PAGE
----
What is the Story of Your Life? Who are you? Where were you born? Did you go to college? Which school can claim you as an Alumna/us? What was your family like–and were you happy? Have you found vocational fulfillment? Will anyone remember you when you die, or are you content to go unnoticed, and pass into Eternity, in obscurity? Will you leave a legacy behind, or is it OK if you don’t?
These are questions that pass through each human heart at one time or another. Some of us are plagued by unsatisfactory answers, and so we set a course to assure that the direction from here-on-out is different, perhaps more exciting. Some of us embellish, because the story so far isn’t up to some standard we secretly hold in our hearts. Others need not alter the tale, as it’s already pretty darned fascinating.
Joe Hernandez was a Wordsmith, a man whose speech and writing talents were elegant, precise and beautiful. If he never accomplished anything else, he contributed to the lexicon and had the gift to string together words in such a masterful fashion that mind pictures were painted, leaving indelible portraits for all those who were blessed to experience the work of his heart…
But destiny was not content that Joe should use his facility with language strictly for the printed word, for these God-given gifts led him to The Job of a Lifetime. Joe Hernandez, a Mexican-American in the prejudiced 1930s, was beloved by millions–for he was The Voice of Santa Anita. From the track’s first-ever race on Christmas Day in 1934 until, almost four decades and 15,587 race calls later, our hero defined horse racing when racing ran neck-and-neck with baseball as America’s Sport. More famous than all the talking heads of today’s sportscasting, Joe was renowned before the Internet, Facebook, Twittering and ESPN. Radio was the vehicle that drew millions of fans to Joe’s stable, in an age when imagination was necessary and media consumers were required to think.
These facts, alone, create a legacy that will live in record books and racing hearts for eons. These could be bulletpoints on a spectacular resume that shames anyone who would be a peer.
This, you’d think, is story enough.
But his backstory, the real details of his experience, heartache, disappointments and promises that Life made to him and broke–these were unknown until recently. Joe had created an autobio that, while interesting enough–was a soup of fiction and fact. For a man who made a name for himself telling stories, creating a history for himself was not a challenge.
The man with the broad, open smile, generous heart and ready word–a “character,” as they’d say–whose lifestory seemed to be as open as his heart–in fact may have been an intensely private person. Whatever his inspiration to create a background that didn’t necessarily jive with the Truth–it was his Truth, the bits of information that he dropped here and there, satisfying those with the craving to know–and keeping his private life, private. It may seem obsessive, to hold the details of one’s life so closely to the vest, but it may have been what Joe needed at that time.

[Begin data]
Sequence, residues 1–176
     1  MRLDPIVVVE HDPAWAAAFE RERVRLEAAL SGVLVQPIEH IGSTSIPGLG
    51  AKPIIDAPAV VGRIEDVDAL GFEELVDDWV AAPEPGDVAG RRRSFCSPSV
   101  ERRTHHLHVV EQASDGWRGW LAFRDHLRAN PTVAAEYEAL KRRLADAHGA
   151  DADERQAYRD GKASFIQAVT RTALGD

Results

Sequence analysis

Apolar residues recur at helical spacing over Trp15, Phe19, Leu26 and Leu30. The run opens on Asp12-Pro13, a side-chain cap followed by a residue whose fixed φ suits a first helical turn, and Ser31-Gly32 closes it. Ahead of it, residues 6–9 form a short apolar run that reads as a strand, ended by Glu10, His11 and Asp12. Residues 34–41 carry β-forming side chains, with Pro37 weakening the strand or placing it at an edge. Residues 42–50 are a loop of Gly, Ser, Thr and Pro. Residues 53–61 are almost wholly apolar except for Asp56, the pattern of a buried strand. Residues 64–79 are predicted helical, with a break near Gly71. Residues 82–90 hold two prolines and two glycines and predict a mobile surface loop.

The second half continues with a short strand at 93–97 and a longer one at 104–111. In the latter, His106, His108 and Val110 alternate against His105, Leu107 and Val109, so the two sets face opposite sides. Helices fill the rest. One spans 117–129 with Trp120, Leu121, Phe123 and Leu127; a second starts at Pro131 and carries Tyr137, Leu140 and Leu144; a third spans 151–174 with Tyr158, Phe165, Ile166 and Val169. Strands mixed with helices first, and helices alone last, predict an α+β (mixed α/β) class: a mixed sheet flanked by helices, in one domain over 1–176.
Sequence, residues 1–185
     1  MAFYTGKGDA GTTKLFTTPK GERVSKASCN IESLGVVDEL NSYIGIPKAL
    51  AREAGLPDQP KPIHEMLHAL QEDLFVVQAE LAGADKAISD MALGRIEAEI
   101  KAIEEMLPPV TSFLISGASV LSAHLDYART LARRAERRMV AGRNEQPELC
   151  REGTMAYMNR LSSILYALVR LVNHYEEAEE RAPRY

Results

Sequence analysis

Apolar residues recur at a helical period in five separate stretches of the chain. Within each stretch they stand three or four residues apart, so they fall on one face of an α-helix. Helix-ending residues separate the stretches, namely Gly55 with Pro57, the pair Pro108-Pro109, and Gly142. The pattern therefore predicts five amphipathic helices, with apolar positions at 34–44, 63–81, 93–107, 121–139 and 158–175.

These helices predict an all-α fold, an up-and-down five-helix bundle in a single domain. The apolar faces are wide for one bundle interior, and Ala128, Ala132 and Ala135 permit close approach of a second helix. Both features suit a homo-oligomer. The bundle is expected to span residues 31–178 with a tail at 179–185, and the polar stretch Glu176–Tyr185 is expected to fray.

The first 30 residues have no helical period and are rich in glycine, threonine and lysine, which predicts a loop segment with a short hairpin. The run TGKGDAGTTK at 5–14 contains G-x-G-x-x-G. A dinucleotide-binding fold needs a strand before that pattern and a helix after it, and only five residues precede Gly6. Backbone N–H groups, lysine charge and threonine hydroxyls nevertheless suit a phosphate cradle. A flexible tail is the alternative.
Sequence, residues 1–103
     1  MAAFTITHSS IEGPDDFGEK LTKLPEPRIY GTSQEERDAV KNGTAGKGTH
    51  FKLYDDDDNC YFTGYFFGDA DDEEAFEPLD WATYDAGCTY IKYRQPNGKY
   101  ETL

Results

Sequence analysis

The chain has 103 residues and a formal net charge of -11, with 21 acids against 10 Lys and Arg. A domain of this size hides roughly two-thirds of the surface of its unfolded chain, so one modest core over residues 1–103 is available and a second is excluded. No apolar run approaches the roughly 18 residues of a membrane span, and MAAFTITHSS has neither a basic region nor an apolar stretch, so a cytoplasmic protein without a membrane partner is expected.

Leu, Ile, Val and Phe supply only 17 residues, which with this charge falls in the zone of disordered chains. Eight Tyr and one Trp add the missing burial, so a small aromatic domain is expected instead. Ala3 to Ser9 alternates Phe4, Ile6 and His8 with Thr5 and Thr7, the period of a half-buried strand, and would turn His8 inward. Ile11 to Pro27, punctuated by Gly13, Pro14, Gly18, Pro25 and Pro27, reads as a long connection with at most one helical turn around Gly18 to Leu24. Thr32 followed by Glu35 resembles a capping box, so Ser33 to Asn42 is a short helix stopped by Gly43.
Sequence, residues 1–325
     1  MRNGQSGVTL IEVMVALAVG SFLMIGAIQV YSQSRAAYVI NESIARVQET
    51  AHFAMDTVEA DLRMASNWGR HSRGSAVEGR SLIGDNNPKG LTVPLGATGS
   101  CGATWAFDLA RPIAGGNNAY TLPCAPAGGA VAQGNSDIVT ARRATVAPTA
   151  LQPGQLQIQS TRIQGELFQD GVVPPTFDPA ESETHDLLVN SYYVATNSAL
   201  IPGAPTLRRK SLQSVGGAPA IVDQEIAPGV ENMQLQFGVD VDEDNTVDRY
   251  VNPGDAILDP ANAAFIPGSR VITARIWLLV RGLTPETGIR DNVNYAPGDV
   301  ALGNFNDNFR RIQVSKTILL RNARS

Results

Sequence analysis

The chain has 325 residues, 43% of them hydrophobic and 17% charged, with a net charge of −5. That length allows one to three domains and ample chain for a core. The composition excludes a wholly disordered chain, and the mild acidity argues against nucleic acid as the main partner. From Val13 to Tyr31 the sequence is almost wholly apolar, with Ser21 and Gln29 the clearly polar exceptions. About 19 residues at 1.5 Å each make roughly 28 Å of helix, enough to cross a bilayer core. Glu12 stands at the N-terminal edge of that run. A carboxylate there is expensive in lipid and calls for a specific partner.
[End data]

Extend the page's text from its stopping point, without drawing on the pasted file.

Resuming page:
Whatever his reasons, whyever he was unknown to those who thought they knew him–his real biography is fascinating, beautiful, heartbreaking, joyful and compelling. And this real story, the book that grabbed me by the throat and forced me to sit with pen in hand and write notes in the margins, just so happens to be the tome that won this year’s Dr. Tony Ryan Book Award, the most prestigious award in equine writing.
“The Untold Story of Joe Hernandez: The Voice of Santa Anita” by Rudolph Valier
Alvarado is so masterfully written, so meticulously and thoroughly researched, that I know it was a labor of love. I know this because I am a writer, and I recognize passion when I read it. I know this because I own a copy of the Special Edition of the book, and I feel the need to carry it with me everywhere I go–and I’ve finished reading it. And I know this because, precisely because I am a writer, I am jaded. It’s not often that I pick up a book and attack it with such gusto, appreciation and verve that I tell everyone who will listen that they must buy this book. From a seemingly-chance reading of “Seabiscuit,” in which Hernandez was featured, to the fascination that a Latino man played such a prominent role in 1930s horse racing–to the acknowledgement that he was destined to write the biography of this great man–the author poured an enormous amount of intellectual, spiritual, emotional and financial resources into this historic work of art. The creation of this magnificent book, every step of the way, was a gift from the author to the subject’s legacy; to his children and to the very sport of Thoroughbred racing.